The world's oldest known killer whale, thought to be aged over 100, is missing and presumed dead, researchers have said.
Ken Balcomb, executive director and principal investigator at the Washington-based Center for Whale Research, wrote that he last saw the whale, known as Granny, on October 12 in Haro Strait, between the San Juans and Vancouver Island, as she swam north far ahead of the other whales in her pod.
"Perhaps other dedicated whale-watchers have seen her since then, but by year's end she is officially missing from the Southern Resident Killer Whale population," he wrote on the Center for Whale Research website. "And with regret we now consider her deceased."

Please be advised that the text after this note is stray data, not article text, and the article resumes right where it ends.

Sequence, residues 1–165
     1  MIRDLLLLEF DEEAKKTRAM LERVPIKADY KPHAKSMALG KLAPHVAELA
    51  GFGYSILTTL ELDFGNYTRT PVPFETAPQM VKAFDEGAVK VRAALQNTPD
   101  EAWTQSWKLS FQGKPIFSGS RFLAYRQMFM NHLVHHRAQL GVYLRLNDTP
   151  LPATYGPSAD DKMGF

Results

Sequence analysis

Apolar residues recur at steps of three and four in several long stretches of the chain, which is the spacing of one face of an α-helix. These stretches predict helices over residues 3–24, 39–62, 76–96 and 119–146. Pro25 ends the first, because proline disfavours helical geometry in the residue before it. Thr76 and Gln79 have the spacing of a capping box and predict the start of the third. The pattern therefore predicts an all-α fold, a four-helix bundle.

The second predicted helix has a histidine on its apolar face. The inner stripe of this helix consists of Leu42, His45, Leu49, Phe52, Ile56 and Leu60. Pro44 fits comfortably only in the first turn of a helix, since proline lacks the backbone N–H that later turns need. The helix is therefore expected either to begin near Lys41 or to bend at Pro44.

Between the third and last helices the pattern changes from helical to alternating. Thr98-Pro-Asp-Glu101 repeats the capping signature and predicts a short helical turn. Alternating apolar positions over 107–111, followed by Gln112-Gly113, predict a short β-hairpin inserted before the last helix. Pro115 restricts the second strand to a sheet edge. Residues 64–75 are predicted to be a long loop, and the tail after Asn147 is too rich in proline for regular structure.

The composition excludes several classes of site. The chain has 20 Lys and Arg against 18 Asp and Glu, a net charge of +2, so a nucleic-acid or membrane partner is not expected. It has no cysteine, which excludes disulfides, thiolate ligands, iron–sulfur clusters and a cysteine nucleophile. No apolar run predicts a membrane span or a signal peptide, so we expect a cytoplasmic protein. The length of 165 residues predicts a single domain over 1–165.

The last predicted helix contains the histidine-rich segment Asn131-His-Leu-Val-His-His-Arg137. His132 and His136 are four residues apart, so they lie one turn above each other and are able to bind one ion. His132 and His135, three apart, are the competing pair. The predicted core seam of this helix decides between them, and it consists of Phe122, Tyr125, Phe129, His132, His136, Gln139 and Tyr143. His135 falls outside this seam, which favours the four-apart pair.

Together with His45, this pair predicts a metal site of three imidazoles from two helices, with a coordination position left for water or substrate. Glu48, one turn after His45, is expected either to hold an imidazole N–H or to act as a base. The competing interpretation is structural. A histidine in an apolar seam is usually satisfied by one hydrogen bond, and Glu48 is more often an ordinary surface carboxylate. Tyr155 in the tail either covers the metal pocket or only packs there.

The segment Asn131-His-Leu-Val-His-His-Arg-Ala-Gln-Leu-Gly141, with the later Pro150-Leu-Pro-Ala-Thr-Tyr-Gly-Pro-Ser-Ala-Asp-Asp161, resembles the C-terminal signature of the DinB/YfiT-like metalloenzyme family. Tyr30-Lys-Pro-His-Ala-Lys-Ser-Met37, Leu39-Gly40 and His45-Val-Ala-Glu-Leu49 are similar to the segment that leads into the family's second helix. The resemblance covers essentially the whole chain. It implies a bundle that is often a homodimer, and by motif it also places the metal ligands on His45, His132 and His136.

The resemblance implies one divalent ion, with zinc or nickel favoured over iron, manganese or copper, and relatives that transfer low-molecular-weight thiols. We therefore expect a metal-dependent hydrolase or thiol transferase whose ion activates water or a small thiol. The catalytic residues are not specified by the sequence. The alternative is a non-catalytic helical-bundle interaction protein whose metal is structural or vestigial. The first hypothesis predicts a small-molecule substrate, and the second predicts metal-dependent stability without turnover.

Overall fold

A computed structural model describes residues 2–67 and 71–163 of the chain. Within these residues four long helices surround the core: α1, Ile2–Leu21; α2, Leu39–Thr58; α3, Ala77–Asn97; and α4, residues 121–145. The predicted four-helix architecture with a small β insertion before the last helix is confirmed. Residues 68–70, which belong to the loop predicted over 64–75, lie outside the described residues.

Estimated to be over 100 years old, the orca's official name was J2.
Balcomb said he first observed Granny in 1976, when killer whales were taken from the Salish Sea to supply marine parks.
Granny avoided being sold then because she was considered too old to be shipped off.
The whale went on to lead a pod of orcas for another half century.
The population of the endangered Southern Resident Killer Whale was estimated to be 78 as of December 31, 2016, according to the research center.
(Story adapted from Xinhua News Agency)